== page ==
Local freelancers. Freelancers situated in a specific area will find that incorporating as a sole proprietorship allows them to manage their business independently. It works well for graphic designers, writers, and consultants working from home.

Solo entrepreneurs. Solo entrepreneurs running businesses such as lawn care services can benefit from the straightforward and uncomplicated nature of a sole proprietorship. They can handle everything on their own without much hassle.

Part-time side hustlers. Individuals with seasonal or part-time businesses, like bakers selling at farmers’ markets, will find a sole proprietorship perfect for their needs. The simplicity of this structure helps avoid the complexities of forming an LLC.

Self-funded business owners. Small business owners starting with their own savings, such as consultants or coaches, can operate effectively as sole proprietorships. This setup is suitable for those who do not plan to hire employees or seek investors.

Who should form an LLC?

In the LLC vs. sole proprietorship debate, an LLC offers benefits like liability protection and a formal business structure. Below are a few examples of businesses that might benefit from forming an LLC:

High-risk business owner. If you’re a retailer or manufacturer dealing with valuable assets or physical activities, an LLC can protect your personal assets. It provides liability protection, giving you peace of mind.

Aspiring entrepreneur seeking investors. For those looking to attract investors, an LLC is usually the preferred choice. Investors like the formal structure and the liability protection it offers.

Multi-state operator. Planning to operate in several states? An LLC makes this easier. It provides consistency and structure, helping you navigate different state regulations without hassle.

Business partners. Teams running a business together can benefit from an LLC. With a clear operating agreement, it helps ensure smooth cooperation and reduces potential conflicts.

Image-conscious professional. Want your business to look stable and formal? An LLC can enhance your reputation. Many see LLCs as more reliable and established, which can help attract more clients.

Time to start your business

Registering your business is a strategic move: you’ll be able to take advantage of certain things like tax considerations and have the ability to control your image. Ultimately, the decision is yours to make: What do you envision for your brand, and will an LLC or sole proprietorship be the best fit for that vision? If you’re still on the fence, consider consulting a lawyer or tax professional for their sage advice and tips.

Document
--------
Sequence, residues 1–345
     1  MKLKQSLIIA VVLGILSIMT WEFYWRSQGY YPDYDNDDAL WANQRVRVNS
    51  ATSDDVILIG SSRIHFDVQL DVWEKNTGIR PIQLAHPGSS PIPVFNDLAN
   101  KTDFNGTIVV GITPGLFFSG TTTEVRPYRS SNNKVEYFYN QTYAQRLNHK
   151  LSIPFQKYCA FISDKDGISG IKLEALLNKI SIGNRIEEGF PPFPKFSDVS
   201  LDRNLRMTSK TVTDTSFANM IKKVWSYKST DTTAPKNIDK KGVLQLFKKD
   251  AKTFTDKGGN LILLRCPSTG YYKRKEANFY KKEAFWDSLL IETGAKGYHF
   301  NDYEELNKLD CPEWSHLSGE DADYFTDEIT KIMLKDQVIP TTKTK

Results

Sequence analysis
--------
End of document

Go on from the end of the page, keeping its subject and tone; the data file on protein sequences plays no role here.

Sole proprietorship vs. LLC FAQ

Why is a company better than sole proprietorship?

In a sole proprietorship, one person makes all the decisions and faces all the risks. A company, on the other hand, can have investors. These investors provide funds and aren’t liable for the company’s debts. This benefit often makes companies a preferred choice for many.

What is the biggest difference between a sole proprietorship and an LLC?

  • Liability. LLCs offer enhanced protection against personal risks. 
  • Funding. An LLC typically finds it easier to obtain external finance than a sole proprietorship. 
  • Taxes. The tax structure of a one-member LLC can change based on specific circumstances. 
  • Costs. Setting up a sole proprietorship is free, whereas LLCs have registration and ongoing expenses. 
  • Management and control. Sole proprietorships grant more control than LLCs.

When should a sole proprietor become an LLC?

A sole proprietor should think about becoming an LLC for two main reasons. First, if they plan to bring in more owners. Second, to protect their personal assets from legal and financial issues. Given these points, moving to an LLC can be a wise step for many entrepreneurs.

How do self-employment taxes affect a sole proprietorship?

In a sole proprietorship, the owner pays self-employment taxes on their business income. These taxes cover Social Security and Medicare contributions. It’s important to set aside funds for these payments to avoid surprises at tax time.

What does it mean to run an unincorporated business owned by an individual?

Running an unincorporated business owned by an individual (like a sole proprietorship) means the business isn’t a separate legal entity. The owner is personally responsible for all debts and obligations. This setup can be simpler to manage, but carries more personal risk.